Human Relation Essay

1702 Words Oct 13th, 2012 7 Pages
Human Relations Theory
Introduction
The Human Relations Theory of organization came in to existence in 1930s as a reaction to the classical approach to organizational analysis. This is because the classical theorists neglected the human factor in the organization. The Classical theorists took a mechanical view of organization and underemphasized the sociopsychological aspects of individual’s behaviour in organization. It is this critical failure of the classical theory that gave birth to the human relations approach. Human relations theory is also known by various names like Humanistic Theory, Neoclassical Theory, etc. Elton Mayo, an American Sociologist is the founder of the Human Relations Theory. The other writers who contributed to
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However, this theory has been contested, as Mayo's purported role in the human relations movement has been questioned. Nonetheless, although Taylorism attempted to justify scientific management as a holistic philosophy rather than a set of principles, the human relations movement worked parallel to the notion of scientific management aiming to address the social welfare needs of workers and therefore elicit their co-operation as a workforce.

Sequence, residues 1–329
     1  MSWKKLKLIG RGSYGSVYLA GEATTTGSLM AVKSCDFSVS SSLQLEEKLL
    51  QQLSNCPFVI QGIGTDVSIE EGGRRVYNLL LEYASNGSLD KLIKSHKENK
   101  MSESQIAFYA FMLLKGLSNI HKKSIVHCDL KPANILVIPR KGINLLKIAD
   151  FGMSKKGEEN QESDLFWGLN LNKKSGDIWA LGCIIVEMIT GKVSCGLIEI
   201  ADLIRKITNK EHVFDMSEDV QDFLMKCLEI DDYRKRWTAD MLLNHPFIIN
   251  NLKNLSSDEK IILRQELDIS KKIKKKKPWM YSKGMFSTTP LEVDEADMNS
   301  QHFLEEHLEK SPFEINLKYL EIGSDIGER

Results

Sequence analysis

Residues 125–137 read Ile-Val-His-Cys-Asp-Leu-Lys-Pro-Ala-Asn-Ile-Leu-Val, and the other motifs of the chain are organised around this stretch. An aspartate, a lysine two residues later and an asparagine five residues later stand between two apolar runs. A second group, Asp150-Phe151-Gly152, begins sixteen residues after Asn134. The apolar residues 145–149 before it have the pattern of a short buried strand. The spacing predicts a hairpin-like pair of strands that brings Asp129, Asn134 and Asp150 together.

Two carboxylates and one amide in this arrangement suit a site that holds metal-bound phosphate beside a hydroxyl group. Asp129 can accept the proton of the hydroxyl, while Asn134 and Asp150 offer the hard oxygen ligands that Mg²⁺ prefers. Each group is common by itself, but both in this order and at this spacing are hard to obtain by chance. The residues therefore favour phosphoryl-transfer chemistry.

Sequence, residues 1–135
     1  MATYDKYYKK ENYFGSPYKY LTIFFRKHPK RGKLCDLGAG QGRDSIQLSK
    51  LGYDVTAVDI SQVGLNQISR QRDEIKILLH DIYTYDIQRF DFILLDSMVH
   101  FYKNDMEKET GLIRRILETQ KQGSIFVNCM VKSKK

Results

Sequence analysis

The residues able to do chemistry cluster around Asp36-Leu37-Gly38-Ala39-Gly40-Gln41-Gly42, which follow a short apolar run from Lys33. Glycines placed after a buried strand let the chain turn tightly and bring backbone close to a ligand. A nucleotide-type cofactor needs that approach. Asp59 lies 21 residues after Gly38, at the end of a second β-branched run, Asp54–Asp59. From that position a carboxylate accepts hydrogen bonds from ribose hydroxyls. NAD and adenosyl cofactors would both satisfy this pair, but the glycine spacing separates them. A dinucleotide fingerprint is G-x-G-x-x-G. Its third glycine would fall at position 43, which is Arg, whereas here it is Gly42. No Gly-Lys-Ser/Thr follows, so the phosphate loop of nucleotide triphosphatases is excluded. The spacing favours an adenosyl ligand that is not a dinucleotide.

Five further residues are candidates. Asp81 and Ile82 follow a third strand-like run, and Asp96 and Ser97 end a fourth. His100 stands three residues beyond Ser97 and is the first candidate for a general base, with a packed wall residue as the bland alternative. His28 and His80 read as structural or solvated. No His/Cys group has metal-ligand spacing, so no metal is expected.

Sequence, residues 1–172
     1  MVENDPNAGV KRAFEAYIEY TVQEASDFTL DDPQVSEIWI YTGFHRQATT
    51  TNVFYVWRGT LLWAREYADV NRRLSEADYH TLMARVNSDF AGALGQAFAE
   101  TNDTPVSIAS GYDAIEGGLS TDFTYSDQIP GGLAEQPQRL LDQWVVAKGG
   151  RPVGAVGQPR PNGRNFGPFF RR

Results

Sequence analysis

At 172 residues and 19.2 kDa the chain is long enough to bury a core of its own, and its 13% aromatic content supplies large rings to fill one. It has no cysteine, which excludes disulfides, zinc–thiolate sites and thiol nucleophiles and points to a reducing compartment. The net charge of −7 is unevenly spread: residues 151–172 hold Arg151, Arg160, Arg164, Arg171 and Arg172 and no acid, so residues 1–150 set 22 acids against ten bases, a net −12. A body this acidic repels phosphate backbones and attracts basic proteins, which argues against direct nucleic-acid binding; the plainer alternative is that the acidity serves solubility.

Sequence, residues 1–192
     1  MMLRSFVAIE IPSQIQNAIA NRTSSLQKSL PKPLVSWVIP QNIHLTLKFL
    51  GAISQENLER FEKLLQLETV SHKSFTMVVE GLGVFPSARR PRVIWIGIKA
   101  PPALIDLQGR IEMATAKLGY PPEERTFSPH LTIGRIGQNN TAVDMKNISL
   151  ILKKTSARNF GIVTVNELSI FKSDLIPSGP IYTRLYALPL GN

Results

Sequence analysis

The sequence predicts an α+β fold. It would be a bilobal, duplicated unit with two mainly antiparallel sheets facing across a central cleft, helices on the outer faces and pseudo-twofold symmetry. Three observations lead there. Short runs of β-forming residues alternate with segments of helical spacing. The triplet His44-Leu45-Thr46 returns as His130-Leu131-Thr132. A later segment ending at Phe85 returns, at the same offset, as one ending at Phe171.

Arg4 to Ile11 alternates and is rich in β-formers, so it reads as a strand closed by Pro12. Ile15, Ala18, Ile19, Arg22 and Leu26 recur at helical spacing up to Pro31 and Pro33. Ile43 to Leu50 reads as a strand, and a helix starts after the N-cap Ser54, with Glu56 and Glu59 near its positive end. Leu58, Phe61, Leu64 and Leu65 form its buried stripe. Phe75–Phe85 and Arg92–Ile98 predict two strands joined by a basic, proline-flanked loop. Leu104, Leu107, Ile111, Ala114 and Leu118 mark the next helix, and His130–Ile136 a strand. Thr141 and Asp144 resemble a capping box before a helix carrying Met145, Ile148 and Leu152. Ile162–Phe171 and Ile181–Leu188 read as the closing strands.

The widely perceived view of human relations is said to be one that completely contradicts the traditional views of Taylorism. Whilst scientific management tries to apply science to the workforce, the accepted definition of human relations suggests that management should treat workers as individuals, with individual needs. In doing so, employees are supposed to gain an identity, stability within their job and satisfaction,which in turn make them more willing to co-operate and contribute their efforts towards accomplishing organisational goals. Thus, the human relations movement supported the primacy of organization to be attributed to natural human groupings, communication and leadership. However, the conventional depiction of the Human Relations 'school' of management rising out of the ashes of Scientific Management is argued to be a rhetorical distortion of events.
Firstly, it has been argued that Elton Mayo's actual role in the human relations movement is controversial and although he

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